Hennepin County Judge Peter Cahill rejected the proposal to include new evidence regarding the trial of Derek Chauvin.

He told prosecutors that considering the information about carbon dioxide levels in George Floyd’s blood might backfire if Martin Tobin, one of the witnesses in the trial, had already disclosed the results of carbon dioxide testing performed after Floyd’s death.

Warning of the possibility of a mistrial, Cahill emphasized that such a late-stage disclosure is not compatible with how the jury usually operates.

Cahill’s rejection came as a reaction to Prosecutor Jerry Blackwell’s Thursday announcement that the state possesses the evidence collected by Hennepin County Medical Examiner Andrew Baker.

The data allegedly revealed that the autopsy of George Floyd’s body showed that the late Minneapolis resident’s blood contained carbon dioxide, possibly because of his forceful arrest on the ground.

Judge Cahill explained that Tobin, a pulmonologist by vocation, is allowed to further discuss the possible environmental factors surrounding Floyd’s death, including those related to carbon dioxide exposure.

Yet, the judge remained firm in his statement that the late-state disclosure from the prosecution should not be allowed as it may ‘prejudice the defense.’

Waiting for the trial outcome

The trial aims at settling the issue of Derek Chauvin’s responsibility for the death of George Floyd.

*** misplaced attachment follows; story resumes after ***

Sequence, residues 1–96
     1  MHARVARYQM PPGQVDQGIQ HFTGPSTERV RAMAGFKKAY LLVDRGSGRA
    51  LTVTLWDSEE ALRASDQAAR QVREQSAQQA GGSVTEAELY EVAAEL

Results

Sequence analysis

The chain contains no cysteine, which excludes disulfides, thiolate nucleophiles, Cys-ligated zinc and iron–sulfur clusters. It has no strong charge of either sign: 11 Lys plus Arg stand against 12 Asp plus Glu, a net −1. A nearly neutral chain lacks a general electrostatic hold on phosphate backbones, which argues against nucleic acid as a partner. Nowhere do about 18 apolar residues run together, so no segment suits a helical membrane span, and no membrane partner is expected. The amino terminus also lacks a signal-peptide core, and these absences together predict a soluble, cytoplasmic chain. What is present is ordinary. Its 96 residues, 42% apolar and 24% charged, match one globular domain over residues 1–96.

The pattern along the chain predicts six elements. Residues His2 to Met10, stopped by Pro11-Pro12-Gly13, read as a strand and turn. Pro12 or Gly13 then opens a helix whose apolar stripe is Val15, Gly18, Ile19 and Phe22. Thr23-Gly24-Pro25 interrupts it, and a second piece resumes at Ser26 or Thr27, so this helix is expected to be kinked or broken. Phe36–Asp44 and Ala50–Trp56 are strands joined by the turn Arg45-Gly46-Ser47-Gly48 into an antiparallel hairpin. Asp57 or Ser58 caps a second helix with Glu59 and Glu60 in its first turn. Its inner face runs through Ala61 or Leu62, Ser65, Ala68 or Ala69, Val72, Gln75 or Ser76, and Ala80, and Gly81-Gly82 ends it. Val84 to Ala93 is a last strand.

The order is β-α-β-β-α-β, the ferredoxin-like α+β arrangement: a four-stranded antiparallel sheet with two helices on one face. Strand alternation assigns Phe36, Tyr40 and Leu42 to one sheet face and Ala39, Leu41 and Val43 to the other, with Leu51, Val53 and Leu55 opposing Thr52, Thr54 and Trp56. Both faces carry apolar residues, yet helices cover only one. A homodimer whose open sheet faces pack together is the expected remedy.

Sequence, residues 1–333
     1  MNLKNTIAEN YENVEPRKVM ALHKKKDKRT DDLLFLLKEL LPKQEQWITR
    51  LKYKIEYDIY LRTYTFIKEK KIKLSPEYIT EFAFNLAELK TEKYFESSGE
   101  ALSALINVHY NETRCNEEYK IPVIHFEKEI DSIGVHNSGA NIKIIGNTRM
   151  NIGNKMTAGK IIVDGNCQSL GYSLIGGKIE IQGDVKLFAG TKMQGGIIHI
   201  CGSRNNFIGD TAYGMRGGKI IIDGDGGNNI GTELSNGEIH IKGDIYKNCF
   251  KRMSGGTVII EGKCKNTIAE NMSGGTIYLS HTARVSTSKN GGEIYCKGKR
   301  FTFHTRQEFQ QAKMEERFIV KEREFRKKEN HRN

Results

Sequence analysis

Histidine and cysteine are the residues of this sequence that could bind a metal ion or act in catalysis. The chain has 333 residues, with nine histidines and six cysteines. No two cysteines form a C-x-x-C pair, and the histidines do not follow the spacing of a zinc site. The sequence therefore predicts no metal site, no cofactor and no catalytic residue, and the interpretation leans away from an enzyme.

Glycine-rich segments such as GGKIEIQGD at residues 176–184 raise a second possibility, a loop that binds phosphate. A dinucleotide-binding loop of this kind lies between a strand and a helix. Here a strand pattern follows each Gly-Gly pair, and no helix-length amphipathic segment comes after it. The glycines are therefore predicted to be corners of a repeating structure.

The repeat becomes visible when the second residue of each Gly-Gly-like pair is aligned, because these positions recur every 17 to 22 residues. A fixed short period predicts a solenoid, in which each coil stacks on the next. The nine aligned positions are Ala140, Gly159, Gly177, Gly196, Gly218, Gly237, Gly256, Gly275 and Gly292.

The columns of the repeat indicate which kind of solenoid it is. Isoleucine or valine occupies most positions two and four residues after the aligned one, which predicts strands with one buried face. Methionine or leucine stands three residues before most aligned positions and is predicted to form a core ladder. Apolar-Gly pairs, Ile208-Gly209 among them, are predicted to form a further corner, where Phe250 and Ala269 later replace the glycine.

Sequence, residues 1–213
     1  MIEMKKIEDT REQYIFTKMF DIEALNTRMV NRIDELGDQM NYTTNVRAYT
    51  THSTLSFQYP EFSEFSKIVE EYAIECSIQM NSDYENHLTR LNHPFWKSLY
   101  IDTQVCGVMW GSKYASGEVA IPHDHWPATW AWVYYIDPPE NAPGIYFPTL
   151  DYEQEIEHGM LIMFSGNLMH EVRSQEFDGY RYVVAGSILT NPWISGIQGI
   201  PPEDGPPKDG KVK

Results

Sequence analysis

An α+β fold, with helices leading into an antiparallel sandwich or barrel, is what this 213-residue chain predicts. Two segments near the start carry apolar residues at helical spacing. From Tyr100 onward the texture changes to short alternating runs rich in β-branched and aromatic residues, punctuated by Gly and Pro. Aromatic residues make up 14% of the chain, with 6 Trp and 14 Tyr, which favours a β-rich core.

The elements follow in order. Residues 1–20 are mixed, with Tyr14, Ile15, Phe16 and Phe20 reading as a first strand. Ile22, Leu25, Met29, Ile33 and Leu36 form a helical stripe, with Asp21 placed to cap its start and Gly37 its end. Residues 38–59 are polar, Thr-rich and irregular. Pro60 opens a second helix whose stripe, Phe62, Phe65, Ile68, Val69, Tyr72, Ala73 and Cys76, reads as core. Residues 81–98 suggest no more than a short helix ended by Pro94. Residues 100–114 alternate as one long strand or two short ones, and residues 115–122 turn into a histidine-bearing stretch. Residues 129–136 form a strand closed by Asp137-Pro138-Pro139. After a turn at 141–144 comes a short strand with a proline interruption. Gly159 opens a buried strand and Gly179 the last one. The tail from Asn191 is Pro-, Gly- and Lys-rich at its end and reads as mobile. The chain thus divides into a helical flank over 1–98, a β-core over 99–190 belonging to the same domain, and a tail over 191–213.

The former police officer from Minneapolis became well-known when a video of his forceful arrest of George Floyd, a black man from Minneapolis, circulated the globe.

The video showed Chauvin arresting Floyd while placing his leg on his head.

Just several days after the capture, Floyd died in police custody.

The event sparked protests that spread throughout the country, eventually taking place in numerous cities outside the U.S.

Chauvin now faces charges on three counts: second-degree manslaughter, second-degree unintentional felony murder, and third-degree murder.

If found guilty, the former police officer is potentially facing between 10 and 20 years in prison.

The maximum sentence Chauvin could receive is 40 years in prison.

Given that Floyd was not in the best health at the time of arrest and that traces of opioids such as fentanyl were found in his blood, it is unlikely that Chauvin would receive anything close to the maximum sentence.